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It seems most urgent for parents to help their adult children get into the housing market when real estate prices are soaring.

But now is actually an opportune moment to consider offering money for a down payment. House prices are falling fast in cities across the country, which means parental gifts can help reduce the size of the mortgages first-time buyers must take on. This is huge because the rise in mortgage rates over the past year has made it harder than ever to afford the cost of home ownership.

A parent recently got in touch to ask how best to offer help with a down payment – by tapping the home equity line of credit he and his spouse have on their paid-off home, or by taking out a reverse mortgage.

For some guidance, I consulted Julia Chung, a certified financial planner (CFP) with Spring Planning. She put a lot more emphasis on the planning side of the gift rather than the product used to actually deliver it. But she did ultimately pick one over the other: “I think we might look at the HELOC, just because there’s more flexibility.”

It’s important to note that the interest rates for HELOCs and reverse mortgages have been caught up in the same rise in borrowing costs that has affected mortgages. A HELOC rate might start at 6.7 per cent, while reverse mortgage rates can range between 6.99 and 9.4 per cent right now.

The flexibility Ms. Chung mentioned refers to repayment. A HELOC requires that you at least pay the interest owing every month, but you can repay the principal whenever you want. A reverse mortgage is more comfortable in the near term because you don’t have to repay anything. But when you sell your home, you must repay principal plus interest that has quietly been accumulating in the background.

The reader who asked about HELOCs and reverse mortgages is in his 60s. He and his spouse could be in his home for another 20 to 25 years, long enough to build up interest that cuts significantly into the equity left over from the sale price.

Ms. Chung raised two financial planning issues with a parent gift of home down payment money. One is whether parents can afford to make the gift and still cover their own living costs now and in the future. “How much of your future comfort are you potentially giving away in debt servicing costs in order to manage this?” she asked.

The other planning issue is related to family dynamics. For example, what happens to the gift money if a married adult child gets divorced? The risk is that half the gift money goes to your child’s estranged spouse. To address this risk, Ms. Chung suggested transferring money to adult children via a low- or zero-interest loan or promissory note instead of a gift. Input from a lawyer is strongly recommended.

Finally, Ms. Chung recommends a thorough family discussion, parents and adult kids, about the down payment help. A chance for both parties to air any concerns.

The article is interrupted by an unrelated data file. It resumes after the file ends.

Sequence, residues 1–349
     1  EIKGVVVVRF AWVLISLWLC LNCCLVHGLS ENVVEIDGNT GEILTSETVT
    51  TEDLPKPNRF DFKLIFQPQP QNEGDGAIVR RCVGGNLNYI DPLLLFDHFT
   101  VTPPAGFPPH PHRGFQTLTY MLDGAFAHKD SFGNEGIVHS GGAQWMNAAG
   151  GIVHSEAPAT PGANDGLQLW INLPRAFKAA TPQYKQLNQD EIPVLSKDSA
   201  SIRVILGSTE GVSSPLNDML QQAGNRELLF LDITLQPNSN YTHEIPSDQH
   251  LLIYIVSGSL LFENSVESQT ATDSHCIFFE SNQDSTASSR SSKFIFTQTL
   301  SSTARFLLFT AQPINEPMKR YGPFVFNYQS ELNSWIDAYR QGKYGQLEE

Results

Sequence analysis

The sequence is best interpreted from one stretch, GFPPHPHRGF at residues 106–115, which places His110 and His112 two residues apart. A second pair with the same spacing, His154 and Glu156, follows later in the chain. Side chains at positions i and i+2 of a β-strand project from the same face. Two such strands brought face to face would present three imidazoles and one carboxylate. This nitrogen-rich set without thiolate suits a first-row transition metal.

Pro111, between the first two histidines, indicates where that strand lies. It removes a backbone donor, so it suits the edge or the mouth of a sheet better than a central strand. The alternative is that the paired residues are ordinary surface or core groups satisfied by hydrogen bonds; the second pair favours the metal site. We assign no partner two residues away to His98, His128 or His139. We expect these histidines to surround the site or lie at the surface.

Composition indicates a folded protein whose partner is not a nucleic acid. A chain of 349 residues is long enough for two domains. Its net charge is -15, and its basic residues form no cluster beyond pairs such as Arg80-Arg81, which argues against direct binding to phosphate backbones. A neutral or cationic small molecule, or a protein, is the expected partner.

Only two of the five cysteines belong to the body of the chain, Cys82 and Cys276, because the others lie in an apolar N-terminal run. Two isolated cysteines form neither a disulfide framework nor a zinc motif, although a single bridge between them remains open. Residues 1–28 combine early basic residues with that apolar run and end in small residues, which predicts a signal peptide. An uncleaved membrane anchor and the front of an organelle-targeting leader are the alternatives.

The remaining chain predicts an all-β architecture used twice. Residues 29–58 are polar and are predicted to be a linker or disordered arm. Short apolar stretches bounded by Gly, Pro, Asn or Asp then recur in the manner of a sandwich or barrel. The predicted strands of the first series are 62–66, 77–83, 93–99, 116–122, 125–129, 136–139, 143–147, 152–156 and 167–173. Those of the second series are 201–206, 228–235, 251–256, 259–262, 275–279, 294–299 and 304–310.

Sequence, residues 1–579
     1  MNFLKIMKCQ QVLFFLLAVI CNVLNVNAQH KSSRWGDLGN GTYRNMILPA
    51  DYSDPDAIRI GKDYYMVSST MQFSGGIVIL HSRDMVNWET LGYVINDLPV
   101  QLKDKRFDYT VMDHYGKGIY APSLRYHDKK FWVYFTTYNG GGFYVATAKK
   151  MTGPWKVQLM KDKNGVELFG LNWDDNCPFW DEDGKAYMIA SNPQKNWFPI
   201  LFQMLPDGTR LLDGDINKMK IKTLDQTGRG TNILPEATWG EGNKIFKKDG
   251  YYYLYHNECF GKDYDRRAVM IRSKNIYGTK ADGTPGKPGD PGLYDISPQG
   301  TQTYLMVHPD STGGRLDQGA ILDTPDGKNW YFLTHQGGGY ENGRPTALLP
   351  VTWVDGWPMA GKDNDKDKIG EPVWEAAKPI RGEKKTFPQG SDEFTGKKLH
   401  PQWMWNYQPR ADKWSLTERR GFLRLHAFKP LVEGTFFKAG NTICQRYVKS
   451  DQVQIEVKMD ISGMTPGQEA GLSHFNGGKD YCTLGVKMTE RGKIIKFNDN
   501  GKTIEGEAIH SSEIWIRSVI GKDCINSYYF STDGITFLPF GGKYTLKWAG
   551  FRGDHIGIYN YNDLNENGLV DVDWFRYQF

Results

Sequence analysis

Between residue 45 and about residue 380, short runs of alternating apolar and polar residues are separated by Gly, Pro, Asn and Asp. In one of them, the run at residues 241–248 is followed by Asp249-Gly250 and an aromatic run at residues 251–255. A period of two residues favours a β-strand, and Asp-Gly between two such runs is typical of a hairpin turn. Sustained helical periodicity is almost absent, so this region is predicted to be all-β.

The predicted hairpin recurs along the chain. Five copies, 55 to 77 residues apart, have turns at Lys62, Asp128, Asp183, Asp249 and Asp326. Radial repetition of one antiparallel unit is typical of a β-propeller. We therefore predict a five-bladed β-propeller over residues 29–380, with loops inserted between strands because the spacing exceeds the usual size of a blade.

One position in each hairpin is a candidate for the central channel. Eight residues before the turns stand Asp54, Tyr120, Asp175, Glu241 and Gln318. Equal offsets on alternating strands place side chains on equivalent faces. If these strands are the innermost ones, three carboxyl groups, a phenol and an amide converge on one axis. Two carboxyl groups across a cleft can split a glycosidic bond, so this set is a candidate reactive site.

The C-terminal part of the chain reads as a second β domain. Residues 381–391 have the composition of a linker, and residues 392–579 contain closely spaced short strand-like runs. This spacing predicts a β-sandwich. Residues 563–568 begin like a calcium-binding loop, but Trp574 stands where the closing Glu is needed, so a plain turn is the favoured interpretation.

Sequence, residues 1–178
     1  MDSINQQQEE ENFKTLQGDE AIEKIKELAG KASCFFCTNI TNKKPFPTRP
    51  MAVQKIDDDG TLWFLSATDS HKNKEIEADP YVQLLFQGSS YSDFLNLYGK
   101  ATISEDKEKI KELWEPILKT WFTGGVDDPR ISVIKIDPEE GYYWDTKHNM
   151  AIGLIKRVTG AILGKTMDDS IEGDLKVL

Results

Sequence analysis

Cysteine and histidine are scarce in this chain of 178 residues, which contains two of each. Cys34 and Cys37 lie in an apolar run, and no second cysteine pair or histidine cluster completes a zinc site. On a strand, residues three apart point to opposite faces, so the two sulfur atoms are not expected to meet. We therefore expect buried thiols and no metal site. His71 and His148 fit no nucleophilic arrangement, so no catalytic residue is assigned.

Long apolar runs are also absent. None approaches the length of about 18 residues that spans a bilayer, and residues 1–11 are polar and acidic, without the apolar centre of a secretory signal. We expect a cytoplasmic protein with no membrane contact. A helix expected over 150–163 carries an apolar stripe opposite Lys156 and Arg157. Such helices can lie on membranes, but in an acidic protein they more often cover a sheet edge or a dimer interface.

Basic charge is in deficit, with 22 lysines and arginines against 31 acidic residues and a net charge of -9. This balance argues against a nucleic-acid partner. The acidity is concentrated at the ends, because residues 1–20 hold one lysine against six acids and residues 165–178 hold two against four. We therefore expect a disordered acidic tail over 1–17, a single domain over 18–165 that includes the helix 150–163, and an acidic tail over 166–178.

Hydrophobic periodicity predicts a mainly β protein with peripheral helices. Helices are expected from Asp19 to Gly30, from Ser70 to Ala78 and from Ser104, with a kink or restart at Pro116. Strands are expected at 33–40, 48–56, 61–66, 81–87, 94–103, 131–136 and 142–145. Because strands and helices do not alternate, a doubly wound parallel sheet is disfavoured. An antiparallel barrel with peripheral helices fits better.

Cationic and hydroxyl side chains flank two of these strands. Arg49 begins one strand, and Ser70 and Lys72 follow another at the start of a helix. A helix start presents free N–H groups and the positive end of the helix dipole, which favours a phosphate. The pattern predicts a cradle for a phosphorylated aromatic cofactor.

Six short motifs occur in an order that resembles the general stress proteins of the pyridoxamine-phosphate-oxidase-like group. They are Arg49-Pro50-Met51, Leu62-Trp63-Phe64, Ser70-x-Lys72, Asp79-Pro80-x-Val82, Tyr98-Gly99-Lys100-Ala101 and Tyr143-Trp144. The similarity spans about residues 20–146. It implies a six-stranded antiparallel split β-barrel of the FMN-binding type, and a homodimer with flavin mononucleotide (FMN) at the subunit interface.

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Is there hope in housing?

Globe personal finance reporter Erica Alini is looking to connect with people across Canada who are hoping to buy their first home about what they’re seeing in the current housing market. If you bought in the past couple of months or are house hunting right now and would be up for an interview, please reach out to Erica at – Please note we would need to use your full name in an article.

Rob’s personal finance reading list


The Squawkfox blog guides you through the differences between registered retirement savings plans and tax-free savings accounts. Thorough and well explained.

‘I’m starting to hate and resent the place’

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A financial blogger looks at millennials and finds “a wealth gap so gappy, it makes the Boomers look egalitarian.”

New thoughts on an old retirement debate

A long-time rule of retirement planning is that it’s safe to withdraw 3 to 4 per cent of your portfolio per year to live on. The underlying assumption is that market gains will be sufficient to prevent you from running out of money. A new line of thinking suggests that we drop the idea of the safe withdrawal rate altogether and instead adjust withdrawals and spending in response to portfolio performance.


Q: I am a 30-year-old single earning $70,000 a year. I currently rent and am thinking I might want to purchase a home in the future, and I also want to start taking advantage of the tax savings I can realize from investing in registered accounts. I am thinking that the new Tax-Free First Home Savings Account is my best option, but it is not available until later this year and I want to invest before the March 1 deadline for registered retirement savings plan contributions. Where should I put my $3,000 so that I will have the option of transferring it to the FHSA when it becomes available?

A: This backgrounder on the new FHSA from Chartered Professional Accountants Canada says you can transfer money from an RRSP to a FHSA tax-free up to the contribution limits – $8,000 per year and $40,000 lifetime.

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Tell Me Why, by the Soul Revivers. Reggae with soul.


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